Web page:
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An Optimist to the Bone

12/31/2007 04:23 pm 16:23:26 | Updated May 25, 2011

New Year's is about optimism, just as July Fourth is about patriotism and Thanksgiving, gratitude. Optimism is sometimes hardest to muster up. It isn't based on experience; indeed, it's how we endure despite everything that happens to us.

Survival skills are learned. The will to survive comes from a deeper place and entails much disregarding of facts. Janus gazes on past and future but the real motto of the day is 'don't look back.'

It's why resolutions are more popular than year-end reviews, including news reviews. I've no stomach for leafing through 'the year in pictures.' I'd rather picture the year ahead. Forced to toast the old year, I'd go on about war, assassins and the venality of politics and wind up sounding like Brando's Kurtz in Apocalypse Now. It's why we toast the new year, not the old.

2007 is a case in point. Benazir Bhutto's murder cast a shadow over the world. It betrays America's narcissism that the questions we asked are what to tell Pakistan to do about it and how it will affect the Iowa caucuses. Five years into Iraq and Afghanistan we still don't get that meddling in other people's politics is both futile and undemocratic or that democracy and non-violence must be modeled, never imposed.

On the election front, John McCain finished the year on an upswing, less for his strengths than others' weaknesses. Former front-runner Rudy Giuliani is tanking like a guy thrown in the East River in cement shoes, to pick a random analogy. You wouldn't believe Mitt Romney if he told you his blood type while lying on an operating table. Fred Thompson has audiences wondering how he made a living as an actor. Ron Paul's a novelty act and even I don't know who Duncan Hunter is.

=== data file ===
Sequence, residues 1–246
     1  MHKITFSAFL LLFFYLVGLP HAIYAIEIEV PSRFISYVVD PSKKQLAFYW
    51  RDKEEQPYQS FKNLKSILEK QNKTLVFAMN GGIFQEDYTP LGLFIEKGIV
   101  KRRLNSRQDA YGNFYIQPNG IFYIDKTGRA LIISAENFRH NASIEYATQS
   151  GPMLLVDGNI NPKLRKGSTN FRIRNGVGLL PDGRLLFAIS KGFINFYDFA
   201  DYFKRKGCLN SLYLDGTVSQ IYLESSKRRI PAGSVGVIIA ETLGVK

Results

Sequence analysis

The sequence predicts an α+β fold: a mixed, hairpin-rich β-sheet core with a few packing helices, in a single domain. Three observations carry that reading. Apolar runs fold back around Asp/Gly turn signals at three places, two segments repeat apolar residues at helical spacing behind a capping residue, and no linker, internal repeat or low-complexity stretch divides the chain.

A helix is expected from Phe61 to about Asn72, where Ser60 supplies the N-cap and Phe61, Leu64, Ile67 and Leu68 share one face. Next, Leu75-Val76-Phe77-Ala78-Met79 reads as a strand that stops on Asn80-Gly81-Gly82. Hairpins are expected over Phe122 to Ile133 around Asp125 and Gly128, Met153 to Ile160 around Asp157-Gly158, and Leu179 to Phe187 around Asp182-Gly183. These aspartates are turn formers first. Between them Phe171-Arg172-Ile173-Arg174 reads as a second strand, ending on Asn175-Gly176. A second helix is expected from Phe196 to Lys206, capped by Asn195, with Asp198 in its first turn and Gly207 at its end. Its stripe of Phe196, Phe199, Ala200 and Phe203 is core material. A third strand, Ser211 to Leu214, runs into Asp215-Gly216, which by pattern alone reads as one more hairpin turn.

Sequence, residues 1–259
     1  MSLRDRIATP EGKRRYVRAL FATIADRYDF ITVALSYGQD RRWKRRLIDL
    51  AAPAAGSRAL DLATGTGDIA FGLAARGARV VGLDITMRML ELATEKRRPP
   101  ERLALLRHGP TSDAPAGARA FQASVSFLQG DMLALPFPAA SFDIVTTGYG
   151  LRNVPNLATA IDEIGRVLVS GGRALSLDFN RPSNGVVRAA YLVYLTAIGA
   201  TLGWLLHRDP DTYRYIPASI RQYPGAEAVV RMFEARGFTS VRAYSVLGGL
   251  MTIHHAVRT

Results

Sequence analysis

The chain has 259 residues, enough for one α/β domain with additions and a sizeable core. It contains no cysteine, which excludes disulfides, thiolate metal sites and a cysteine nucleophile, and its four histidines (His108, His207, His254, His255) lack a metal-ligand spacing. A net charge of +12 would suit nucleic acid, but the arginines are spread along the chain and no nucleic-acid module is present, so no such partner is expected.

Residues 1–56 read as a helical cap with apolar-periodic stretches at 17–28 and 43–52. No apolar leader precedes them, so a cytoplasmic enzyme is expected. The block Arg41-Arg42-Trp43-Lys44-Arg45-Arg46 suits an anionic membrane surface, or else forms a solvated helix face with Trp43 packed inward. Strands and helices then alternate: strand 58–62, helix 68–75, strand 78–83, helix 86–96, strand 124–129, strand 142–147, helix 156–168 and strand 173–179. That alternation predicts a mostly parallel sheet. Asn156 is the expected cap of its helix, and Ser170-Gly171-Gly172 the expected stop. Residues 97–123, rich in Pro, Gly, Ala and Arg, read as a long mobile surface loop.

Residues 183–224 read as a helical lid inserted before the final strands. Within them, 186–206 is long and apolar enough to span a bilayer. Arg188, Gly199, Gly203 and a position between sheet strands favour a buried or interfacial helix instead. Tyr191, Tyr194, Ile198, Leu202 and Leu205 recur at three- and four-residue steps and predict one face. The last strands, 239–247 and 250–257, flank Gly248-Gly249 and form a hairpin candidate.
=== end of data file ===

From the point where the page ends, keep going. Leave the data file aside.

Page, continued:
That leaves McCain and Huckabee. Their appeal is their willingness to say things that don't spring directly from a pollster's forehead. Huckabee lent a rare dollop of humanity to debates when he chided opponents for being unloving. Almost everything he's said since shows less character. McCain says lots of stuff he doesn't believe but with a pained look that says at least he's not lying to himself. It's what passes in these times for integrity.

On the Democratic side Clinton is for 'experience,' Obama is for 'change' and Edwards is for 'standing up to special interests.' More concretely, Dennis Kucinich is for single payer health care but it may not help him much; caucus voters aren't sticklers for specificity.

Pundits say Bhutto's assassination gives Clinton an edge due to her experience. I'm sure it will, unless someone notices that Clinton, Obama and Edwards have about five years of foreign policy experience among them, while Dodd, Biden and Richardson have nearly a century. It may not help them; caucus voters care about experience but only as a theme.

Discouraged? Surveying all this dismal scene I remain optimistic to my bones. I find myself lately thinking back 40 years to 1968 and the horrible assassinations, the horrible, endless war and the horrible wrong turn the nation took. No one guessed when Nixon won we'd fallen down a rabbit hole we'd be 40 years climbing out of. In 2008 I know we can.

America isn't meant to be a backwater. Health care, clean energy and a nation at peace are the unfinished business of a generation that with a little help can still be great. we may not have a Martin Luther King or Robert Kennedy, but then again such leaders don't always announce themselves.

In 1932, Walter Lippman belittled FDR as a shallow, gossipy underachiever without a vision. He had him just right, missing only the extraordinary core that made him perhaps the one man who could lead us out of a depression and through a war.

We pray that next year's winner is secretly Franklin Roosevelt but we resolve to do all we can do to create the conditions for change. And we remember the words of the Talmud: 'Look ahead. You are not required to complete the task; neither are you permitted to lay it down."